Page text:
* Miss Charlotte Gosling
* Mrs F. Gregg
* Miss Emily Gregg
* Miss Jessy Gregg
* Miss Harriet Gregg
* Mr. Richard Gosling
* Mrs. Richard Gosling
* Miss Smith
* Miss Jelfe
* Hon. Thomas Kenyon
* Hon. Mrs. Thomas Kenyon
* Miss Charlotte Kenyon
* Miss Kinnaird
* Rev. James Brownlow
* Sir Astley Cooper, Bt.
* Lady Astley Cooper
* Mr. William Courtenay
* Mr. W. Reginald Courtenay
* Mr. T.P. Courtenay
* Miss E. Courtenay
* Mr Capel
* Mrs Capel
* Miss Capel
* Lord Bishop of London
* Miss Neave
* Lord Nepean
* Dowager Countess Poulett
* Sir Lucas Pepys, Bart.
* Lady Pepys
* Mr Pepys
* Mrs Pepys
* Lady Sykes
See the whole list for yourself here; and don’t forget to take a look at the concerts being given that year! For instance, the concert which opened the season (Thursday, 5 March 1829) under the “direction of His Grace The Archbishop of York, for His Royal Highness The Duke of Cumberland”. It featured music of Handel, Mozart, Graun, Handel, Geminiani, more Mozart, and a lot more Handel. Included with the words are detailed listings of who sang. It is possible that those programs which generated this book were among those seen in Augusta Smith’s sole sketchbook; Augusta used them as scrap paper! If so, the originals were a heavier card stock. She either used them because of a lack of anything else when the mood to draw struck her, or else she saved them in order to have some scrap. What a wonderful souvenir to unearth online!
As to the 1791 edition, again we see some of the family in attendance; these concerts were performed at the “New Rooms, Tottenham-street”:
* Mr Smith Burges
* Mr. R. Gosling
* Mr. W. Gosling
* Mrs. Gosling
* Mr. F. Gosling
* Mrs. F. Gosling
* Mr D. Smith
* Lady Sykes
* Miss Smith
* Bishop of Winchester
* Mr Houghton
* Mrs Houghton
* Mr. Bramstone
* Mrs. Bramstone
* Mr. Bosanquet
* Mrs Bosanquet
* Lord Brownlow
* Lord Bulkeley
* Lady Hotham
* Miss Hotham
* Sir Lucas Pepys
* The Duke and Duchess of Devonshire
An absolute THRILL is to see listed among the performers a certain “Miss Storace” and “Mr. Kelly” — they can only be Nancy Storace and Michael Kelly — two performers who premiered (1784) Mozart’s Le nozze di Figaro!!! Madame Mara gets a mention or two in the letters of Mrs Lefroy (Jane Austen’s friend) and Mr Knyvett (presumably the father, Charles Knyvett senior) was among the soloists that year too.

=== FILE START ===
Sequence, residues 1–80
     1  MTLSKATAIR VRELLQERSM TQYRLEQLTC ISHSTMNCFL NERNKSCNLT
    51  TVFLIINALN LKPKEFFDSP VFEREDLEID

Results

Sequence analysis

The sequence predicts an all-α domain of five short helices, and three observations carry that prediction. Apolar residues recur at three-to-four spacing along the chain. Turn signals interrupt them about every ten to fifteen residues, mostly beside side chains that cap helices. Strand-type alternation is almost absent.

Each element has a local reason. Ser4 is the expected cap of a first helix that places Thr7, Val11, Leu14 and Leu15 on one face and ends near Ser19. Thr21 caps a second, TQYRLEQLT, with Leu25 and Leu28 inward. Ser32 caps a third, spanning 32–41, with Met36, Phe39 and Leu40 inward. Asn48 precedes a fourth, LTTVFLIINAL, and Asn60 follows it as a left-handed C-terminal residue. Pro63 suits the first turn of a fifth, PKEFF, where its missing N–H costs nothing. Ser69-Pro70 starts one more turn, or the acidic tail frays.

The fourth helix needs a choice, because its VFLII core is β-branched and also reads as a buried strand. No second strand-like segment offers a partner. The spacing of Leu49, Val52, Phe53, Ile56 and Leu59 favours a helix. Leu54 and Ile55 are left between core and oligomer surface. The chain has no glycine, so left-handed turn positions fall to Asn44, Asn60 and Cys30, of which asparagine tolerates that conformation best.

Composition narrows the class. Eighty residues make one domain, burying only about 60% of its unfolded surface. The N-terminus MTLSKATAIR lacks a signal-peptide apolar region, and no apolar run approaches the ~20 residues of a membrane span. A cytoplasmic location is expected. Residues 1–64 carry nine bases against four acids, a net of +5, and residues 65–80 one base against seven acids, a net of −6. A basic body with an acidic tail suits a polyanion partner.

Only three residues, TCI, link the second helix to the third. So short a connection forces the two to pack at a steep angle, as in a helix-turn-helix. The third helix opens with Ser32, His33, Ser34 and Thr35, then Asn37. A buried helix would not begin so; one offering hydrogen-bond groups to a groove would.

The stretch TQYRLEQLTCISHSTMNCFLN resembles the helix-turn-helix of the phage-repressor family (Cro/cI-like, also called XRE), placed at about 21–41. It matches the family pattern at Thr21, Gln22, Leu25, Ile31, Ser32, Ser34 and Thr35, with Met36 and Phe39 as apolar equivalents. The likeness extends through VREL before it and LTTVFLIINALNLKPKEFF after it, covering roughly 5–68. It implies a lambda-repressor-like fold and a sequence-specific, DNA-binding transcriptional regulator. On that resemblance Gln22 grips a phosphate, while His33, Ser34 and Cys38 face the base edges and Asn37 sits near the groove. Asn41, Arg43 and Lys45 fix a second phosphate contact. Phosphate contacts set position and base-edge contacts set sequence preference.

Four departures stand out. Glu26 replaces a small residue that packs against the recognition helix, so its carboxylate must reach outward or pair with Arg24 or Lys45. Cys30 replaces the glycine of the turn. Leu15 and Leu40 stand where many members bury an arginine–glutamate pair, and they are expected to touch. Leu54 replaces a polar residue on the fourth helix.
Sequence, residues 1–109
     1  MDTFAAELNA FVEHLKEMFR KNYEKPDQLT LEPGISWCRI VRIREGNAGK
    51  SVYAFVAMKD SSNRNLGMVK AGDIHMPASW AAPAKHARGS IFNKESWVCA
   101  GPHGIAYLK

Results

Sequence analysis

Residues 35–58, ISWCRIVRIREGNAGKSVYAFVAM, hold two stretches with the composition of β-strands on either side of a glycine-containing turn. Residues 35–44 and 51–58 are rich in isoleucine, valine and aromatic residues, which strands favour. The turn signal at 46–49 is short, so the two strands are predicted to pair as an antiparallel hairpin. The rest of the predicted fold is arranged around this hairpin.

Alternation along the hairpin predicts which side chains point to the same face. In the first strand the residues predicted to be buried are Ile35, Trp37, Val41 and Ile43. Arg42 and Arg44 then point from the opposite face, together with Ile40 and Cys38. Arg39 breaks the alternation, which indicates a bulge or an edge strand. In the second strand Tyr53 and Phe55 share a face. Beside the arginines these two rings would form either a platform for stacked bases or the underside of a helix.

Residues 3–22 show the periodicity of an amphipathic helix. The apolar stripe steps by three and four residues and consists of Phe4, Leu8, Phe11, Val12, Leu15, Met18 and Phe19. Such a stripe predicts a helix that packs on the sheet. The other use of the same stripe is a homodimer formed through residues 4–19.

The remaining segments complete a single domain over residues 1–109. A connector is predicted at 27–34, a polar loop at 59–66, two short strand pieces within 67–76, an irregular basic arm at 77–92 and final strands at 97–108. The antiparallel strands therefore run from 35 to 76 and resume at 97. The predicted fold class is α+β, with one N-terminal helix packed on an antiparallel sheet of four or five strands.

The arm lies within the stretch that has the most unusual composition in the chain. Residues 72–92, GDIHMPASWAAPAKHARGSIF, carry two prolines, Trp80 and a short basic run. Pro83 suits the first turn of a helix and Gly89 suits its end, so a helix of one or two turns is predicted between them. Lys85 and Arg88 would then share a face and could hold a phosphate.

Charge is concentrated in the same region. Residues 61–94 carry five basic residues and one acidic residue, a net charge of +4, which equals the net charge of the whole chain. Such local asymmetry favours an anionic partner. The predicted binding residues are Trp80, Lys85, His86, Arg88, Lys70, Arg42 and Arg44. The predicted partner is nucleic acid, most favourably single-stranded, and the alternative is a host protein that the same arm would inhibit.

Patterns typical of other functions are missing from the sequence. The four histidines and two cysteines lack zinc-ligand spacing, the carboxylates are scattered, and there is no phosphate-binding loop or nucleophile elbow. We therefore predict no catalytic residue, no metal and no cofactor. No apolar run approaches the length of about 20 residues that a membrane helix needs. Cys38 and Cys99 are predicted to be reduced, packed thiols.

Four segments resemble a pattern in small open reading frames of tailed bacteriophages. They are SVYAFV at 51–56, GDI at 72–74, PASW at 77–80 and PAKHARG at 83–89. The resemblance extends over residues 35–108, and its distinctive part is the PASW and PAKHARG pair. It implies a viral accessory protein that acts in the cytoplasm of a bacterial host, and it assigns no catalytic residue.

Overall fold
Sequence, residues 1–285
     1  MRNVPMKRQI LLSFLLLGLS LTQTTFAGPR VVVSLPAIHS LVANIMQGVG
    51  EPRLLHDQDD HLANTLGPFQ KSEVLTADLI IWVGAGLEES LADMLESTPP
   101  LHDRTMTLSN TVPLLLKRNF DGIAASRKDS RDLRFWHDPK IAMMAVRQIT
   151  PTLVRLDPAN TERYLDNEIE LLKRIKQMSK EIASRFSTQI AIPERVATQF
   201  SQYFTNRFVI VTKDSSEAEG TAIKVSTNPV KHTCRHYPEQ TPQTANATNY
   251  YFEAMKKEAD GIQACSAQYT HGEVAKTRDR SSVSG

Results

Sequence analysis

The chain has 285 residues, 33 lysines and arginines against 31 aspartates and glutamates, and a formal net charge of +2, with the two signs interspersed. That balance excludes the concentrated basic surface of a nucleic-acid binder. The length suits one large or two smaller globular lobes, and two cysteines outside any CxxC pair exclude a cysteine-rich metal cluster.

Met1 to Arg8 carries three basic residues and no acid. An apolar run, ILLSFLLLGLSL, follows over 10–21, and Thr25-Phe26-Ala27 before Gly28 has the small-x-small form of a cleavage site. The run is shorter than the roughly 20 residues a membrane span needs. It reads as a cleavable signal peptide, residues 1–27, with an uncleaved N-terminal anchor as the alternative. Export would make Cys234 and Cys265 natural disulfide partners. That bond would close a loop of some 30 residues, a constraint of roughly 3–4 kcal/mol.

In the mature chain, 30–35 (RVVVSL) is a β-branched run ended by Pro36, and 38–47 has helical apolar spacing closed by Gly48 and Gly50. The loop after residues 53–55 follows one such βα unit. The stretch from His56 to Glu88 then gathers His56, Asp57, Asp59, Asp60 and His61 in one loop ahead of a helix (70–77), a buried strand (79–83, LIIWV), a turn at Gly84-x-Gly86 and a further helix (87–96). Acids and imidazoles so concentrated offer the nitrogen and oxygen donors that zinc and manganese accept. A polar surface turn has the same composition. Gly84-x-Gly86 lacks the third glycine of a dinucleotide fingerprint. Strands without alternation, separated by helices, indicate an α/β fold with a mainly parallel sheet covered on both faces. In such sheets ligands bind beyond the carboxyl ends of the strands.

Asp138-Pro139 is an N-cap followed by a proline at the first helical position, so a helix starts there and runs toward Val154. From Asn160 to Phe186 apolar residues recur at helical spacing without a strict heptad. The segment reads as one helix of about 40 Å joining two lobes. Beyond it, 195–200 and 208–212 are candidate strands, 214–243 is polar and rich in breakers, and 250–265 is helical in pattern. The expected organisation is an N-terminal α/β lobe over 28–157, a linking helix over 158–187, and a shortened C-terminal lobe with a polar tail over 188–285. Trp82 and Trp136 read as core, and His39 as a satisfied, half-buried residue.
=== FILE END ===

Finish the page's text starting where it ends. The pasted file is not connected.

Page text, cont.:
NB: Poor Mozart would of course not see the end of 1791…
Kelly’s talk Georgiana Darcy and the ‘Naïve Art’ of Young Ladies will be given at the Governor’s House in Hyde Park on Friday, 30 January 2009.
Our hostess, Suzanne Boden invites you to join us for an entire Weekend dedicated to Austen’s Pride and Prejudice:
Friday, 30 January – 8:00 pm informal talk (see below), with coffee and dessert ($14)
Saturday, 31 January – 3:00 pm Afternoon Tea ($20)
Saturday, 31 January – 7:00 pm Book Discussion & Dinner ($35)
Sunday, 1 February – 11:30 am Brunch & Austen Quiz ($15)
All four activities ($75) and a weekend package that includes B&B accommodation at the Governor’s House (starting at $295 single) also available. Contact Suzanne at info [at] onehundredmain [dot] com or (802) 888-6888 (toll free 866-800-6888).
The starting point for my illustrated talk is Elizabeth Bennet’s journey through Derbyshire with the Gardiners (also the subject of the article “Derbyshires Corresponding: Elizabeth Bennet and the Austen Tour of 1833,” which appears in Persuasions this spring). As Elizabeth tours Pemberley, P&P’s narrator tells readers:
“The picture gallery, and two or three of the principal bed-rooms, were all that remained to be shown. In the former were many good paintings: but Elizabeth knew nothing of the art; and from such as had been already visible below, she had willingly turned to look at some drawings of Miss Darcy’s, in crayons, whose subjects were usually more interesting, and also more intelligible.”
Looking at the work of several young ladies, including Cassandra Austen, during a period covering the first half of the 19th century – we examine fashion, home, family and life in England during the “lifetime” of Darcy’s young sister Georgiana.
As the little drawing above done by Diana Sperling illustrates: Elizabeth Bennet had good taste!